When federal prosecutors’ arrest of Sheldon Silver revealed that he was part of negotiations with New York governor Andrew Cuomo to shut down an anti-corruption panel Cuomo established in 2013, it raised questions about whether Cuomo and the panel had any knowledge of Silver’s misdeeds.
Legal experts say that there is no current evidence to suggest Cuomo did. But during a public event at the New York Law School on Friday, Preet Bharara, federal prosecutor at the Southern District of New York–the office that investigated and charged Silver–had strong words for the powers-that-be in Albany: concentrated among Cuomo, State assembly member Silver, and State Senate majority leader Dean Skelos.
“[I]f yesterday’s charges are proven true,” Bharara said, “and at least one of the proverbial three men in a room is deeply compromised, how can we trust that anything that gets decided in Albany?”
Shortly after the panel, known as the Moreland Commission, shut down in March 2013, Bharara took up the Commission’s records, and has been investigating Cuomo’s role in the shutdown.
The criminal complaint charging Silver with corruption and bribery notes that some records from the Commission aided in the federal authorities’ investigation of Silver, but did not elaborate on their investigation of Cuomo.
At a press conference Thursday, Bharara also said he would continue to investigate corruption in Albany, but declined to say who was his next target.
If the governor had known that the Commission was getting close to finding out about Silver’s wrongdoing and disbanded it in order to protect Silver, then Cuomo could be charged with obstructing justice, said Gerald Lefcourt, a criminal defense attorney who owns a firm specializing in white collar criminal cases.
The prosecution would have to prove Cuomo agreed to shut down the Commission specifically to prevent further investigation into Silver’s finances. Lefcourt said such a case is “unheard of.”
Could Silver plead guilty and surrender information about Cuomo’s involvement, in exchange for a more lenient sentence? Jennifer Rodgers, a former prosecutor with the Southern District of New York, said that if Silver is willing to become a full-fledged cooperating witness, the prosecutors would be interested in going after a big target like Cuomo.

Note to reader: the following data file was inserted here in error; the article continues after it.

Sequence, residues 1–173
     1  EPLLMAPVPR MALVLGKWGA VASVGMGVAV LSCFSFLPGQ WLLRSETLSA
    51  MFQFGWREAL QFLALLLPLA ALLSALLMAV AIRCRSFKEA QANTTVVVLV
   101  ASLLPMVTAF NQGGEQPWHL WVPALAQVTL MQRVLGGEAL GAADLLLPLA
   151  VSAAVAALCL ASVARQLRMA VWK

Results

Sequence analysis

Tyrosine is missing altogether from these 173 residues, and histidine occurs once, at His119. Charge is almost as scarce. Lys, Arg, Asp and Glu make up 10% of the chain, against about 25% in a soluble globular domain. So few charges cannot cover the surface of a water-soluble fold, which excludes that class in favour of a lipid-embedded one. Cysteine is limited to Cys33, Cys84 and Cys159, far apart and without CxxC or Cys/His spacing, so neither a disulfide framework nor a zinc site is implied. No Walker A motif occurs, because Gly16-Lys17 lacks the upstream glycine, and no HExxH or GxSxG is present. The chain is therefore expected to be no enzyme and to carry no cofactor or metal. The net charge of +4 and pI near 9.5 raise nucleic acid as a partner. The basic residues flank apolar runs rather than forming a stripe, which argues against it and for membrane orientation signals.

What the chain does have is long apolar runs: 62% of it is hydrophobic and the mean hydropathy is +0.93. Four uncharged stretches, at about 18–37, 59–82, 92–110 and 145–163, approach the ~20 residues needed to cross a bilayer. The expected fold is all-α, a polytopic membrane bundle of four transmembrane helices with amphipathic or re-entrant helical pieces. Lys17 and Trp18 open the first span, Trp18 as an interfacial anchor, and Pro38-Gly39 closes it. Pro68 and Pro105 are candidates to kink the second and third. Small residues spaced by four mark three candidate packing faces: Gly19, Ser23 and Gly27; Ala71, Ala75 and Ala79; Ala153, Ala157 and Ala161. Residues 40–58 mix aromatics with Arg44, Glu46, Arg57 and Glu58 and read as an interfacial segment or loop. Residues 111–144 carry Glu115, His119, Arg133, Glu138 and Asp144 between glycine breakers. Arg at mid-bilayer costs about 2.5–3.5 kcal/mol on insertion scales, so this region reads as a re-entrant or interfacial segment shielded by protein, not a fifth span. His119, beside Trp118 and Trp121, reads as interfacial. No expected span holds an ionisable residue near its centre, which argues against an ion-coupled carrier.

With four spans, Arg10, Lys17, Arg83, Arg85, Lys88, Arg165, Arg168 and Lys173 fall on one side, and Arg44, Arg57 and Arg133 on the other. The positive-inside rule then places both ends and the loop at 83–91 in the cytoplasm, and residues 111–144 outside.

But Silver would likely have to agree to testify in court and plead guilty, said Rodgers, who is also executive director of the Center for the Advancement of Public Integrity at the Columbia Law School. “With the Southern District of New York office, they have an all or nothing proposition,” she said. If he agrees to those conditions, the prosecutors may dramatically reduce his sentence.
But based on the criminal complaint, Rodgers doesn’t see evidence that Cuomo was involved with Silver’s dealings.
Given that it has been more than nine months since federal prosecutors began their probe into the Commission’s shutdown, it is notable that they have not come forward with allegations of wrongdoing on Cuomo’s part, said political expert and dean of the Baruch College School of Public Affairs, David Birdsell.
Birdsell said the legal question remains over who had ultimate authority over the Commission. Did the governor have control over the panel, or “is it instead a commission that is authorized by the governor, then turned loose and made independent, precisely to escape the constraints of direct influence by the governor or any elected official? If it’s that kind of a commission, then maybe the governor doesn’t have the authority to disband it,” he said.
The Commission’s end also raises ethical questions, particularly if Cuomo was pressured by Silver to shut it down, Birdsell added. “Did Silver approach him and say, ‘I’m going to hold up the machinery of government, unless you shut this down’?”
Silver would have the political leverage to make such a demand, putting the governor in a difficult position. But right now, there simply is no evidence to show this conversation happened, Birdsell said.